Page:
Customers can tell when an employee doesn’t like his or her job.
“Even if it’s over the phone, you can sense if the person is smiling and the energy they have,” says Rick Voigt, president of Today’s Business Products. “Morale is what it’s all about. You can have the greatest company and greatest product, but employees will not be happy and will not stay if morale is low.”
Smart Business spoke with Voigt about ways to improve morale and how happy employees help businesses grow.
Can you quantify the effect morale has on customer service?
Morale goes hand-in-hand with the success of a company and its growth. People can sense if the customer service person on the other end of the phone is smiling; they pick up on that energy and want to talk.
There’s nothing worse than calling a company and the person answering doesn’t have any energy and doesn’t want to talk — you feel like you’re interrupting what they’re doing and you’re a second-class citizen. That attitude has a direct impact on sales. Customers will look for another company to do business with when they have contact with employees who are disinterested.
Customer service is what differentiates companies. There are other businesses that sell office furniture and office products, for example. When you don’t make the product and it can be bought anywhere, it all boils down to customer service.
If you go to a restaurant and the waiter doesn’t treat you well, you will not go back, even if they have great food.
Does customer service extend to all areas of a business?
Absolutely. Drivers are the face of the company when the product is delivered. They need to have a positive attitude when entering a business. Salespeople are the ones engaging customers and bringing them on as accounts. Customer service representatives also engage customers, answering questions with smiles on their faces so that people want to call back and do business with the company.
How do you ensure that employees are happy?
It starts at the top by making sure everyone feels included and part of the team. It’s important for upper management to listen to employees’ opinions. And when they have opinions, you need to be willing to implement their ideas or explain why their idea wasn’t adopted: ‘That’s a great idea, we tried it and it didn’t work. But it’s good that you thought of it.’ When someone comes up with a good idea that is used, make sure that employee gets the recognition.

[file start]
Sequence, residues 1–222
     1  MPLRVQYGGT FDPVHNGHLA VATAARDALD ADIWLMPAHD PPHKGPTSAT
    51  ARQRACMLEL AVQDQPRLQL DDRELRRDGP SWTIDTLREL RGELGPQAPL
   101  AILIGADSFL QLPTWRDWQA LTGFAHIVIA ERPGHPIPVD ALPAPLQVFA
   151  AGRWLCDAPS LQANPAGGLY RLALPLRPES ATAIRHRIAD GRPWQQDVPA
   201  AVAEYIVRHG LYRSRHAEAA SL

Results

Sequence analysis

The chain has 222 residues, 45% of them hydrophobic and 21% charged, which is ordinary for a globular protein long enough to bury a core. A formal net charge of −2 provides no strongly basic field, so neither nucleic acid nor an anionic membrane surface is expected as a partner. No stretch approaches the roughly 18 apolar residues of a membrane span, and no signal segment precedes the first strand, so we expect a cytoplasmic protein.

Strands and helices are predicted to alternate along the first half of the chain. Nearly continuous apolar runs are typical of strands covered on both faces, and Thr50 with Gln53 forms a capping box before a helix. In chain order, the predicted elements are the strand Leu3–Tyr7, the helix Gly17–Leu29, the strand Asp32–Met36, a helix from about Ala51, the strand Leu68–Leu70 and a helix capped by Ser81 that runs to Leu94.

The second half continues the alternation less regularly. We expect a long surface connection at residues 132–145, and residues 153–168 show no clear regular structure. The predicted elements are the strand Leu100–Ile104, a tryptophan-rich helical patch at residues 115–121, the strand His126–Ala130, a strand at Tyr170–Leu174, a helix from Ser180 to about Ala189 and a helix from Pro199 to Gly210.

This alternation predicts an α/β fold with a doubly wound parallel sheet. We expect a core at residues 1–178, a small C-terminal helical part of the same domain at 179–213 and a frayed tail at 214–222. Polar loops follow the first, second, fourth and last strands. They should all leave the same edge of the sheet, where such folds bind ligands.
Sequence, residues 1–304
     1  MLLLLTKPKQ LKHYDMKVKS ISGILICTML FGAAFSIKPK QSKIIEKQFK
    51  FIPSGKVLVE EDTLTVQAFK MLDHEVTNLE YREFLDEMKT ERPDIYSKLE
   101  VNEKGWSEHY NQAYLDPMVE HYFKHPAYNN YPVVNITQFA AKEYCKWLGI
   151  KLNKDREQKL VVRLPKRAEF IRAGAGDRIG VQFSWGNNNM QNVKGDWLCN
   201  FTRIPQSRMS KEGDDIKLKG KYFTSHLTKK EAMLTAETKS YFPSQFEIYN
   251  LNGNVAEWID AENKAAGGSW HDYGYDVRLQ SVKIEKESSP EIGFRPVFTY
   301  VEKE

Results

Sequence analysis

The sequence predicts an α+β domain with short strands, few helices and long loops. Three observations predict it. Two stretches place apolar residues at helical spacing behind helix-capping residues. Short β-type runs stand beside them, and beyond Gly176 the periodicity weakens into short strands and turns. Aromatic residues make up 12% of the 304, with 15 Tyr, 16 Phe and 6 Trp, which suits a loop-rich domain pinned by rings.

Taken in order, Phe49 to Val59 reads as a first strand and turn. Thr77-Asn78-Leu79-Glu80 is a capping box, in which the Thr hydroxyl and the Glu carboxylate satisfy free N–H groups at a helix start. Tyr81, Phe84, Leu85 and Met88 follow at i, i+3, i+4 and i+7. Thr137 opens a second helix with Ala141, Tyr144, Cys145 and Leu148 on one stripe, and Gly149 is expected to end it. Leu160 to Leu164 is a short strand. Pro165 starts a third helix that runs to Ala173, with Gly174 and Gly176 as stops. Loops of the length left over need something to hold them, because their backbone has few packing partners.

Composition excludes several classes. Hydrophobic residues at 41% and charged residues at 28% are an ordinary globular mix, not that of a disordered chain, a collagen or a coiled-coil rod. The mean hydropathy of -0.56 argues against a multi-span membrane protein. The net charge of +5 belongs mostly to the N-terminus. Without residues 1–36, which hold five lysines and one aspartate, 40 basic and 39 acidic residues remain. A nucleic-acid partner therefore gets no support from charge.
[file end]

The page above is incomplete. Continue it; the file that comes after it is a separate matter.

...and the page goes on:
Are there training sessions or programs that help boost morale and/or customer service?
You should have fun at work. We had a six-month promotion called ‘Get your A game on.’ When employees took an extra step to help a co-worker, they were given an ‘A game dollar’ for a Chinese auction with thousands of dollars worth of prizes. For instance, a driver could earn a dollar for taking a few stops from another driver who was busier, or a salesperson could earn a dollar for turning a lead over to a colleague. People were coming to the management team to make them aware of what co-workers did for them. That promotion worked extremely well. You can tell it was successful because employees are still exhibiting behaviors to receive dollars, even though the dollars no longer exist.
The difference between that and other recognition programs is that it encouraged a team atmosphere instead of competition. It’s good to recognize employees with individual awards, but there could be employees wondering why someone else was picked instead of them.
What else can be done to improve morale?
When a customer sends an email or tells you about a positive interaction with an employee, mention it at a company meeting. People appreciate that recognition and try their best to treat customers in a way that would compel them to write a thank you note.
It’s also important to give employees a nice, clean and safe work environment. Give employees a nice place with a pleasant atmosphere, and they will work harder for you and be much happier.
Rick Voigt is the president of Today’s Business Products. Reach him at (216) 898-4242 or email@example.com.
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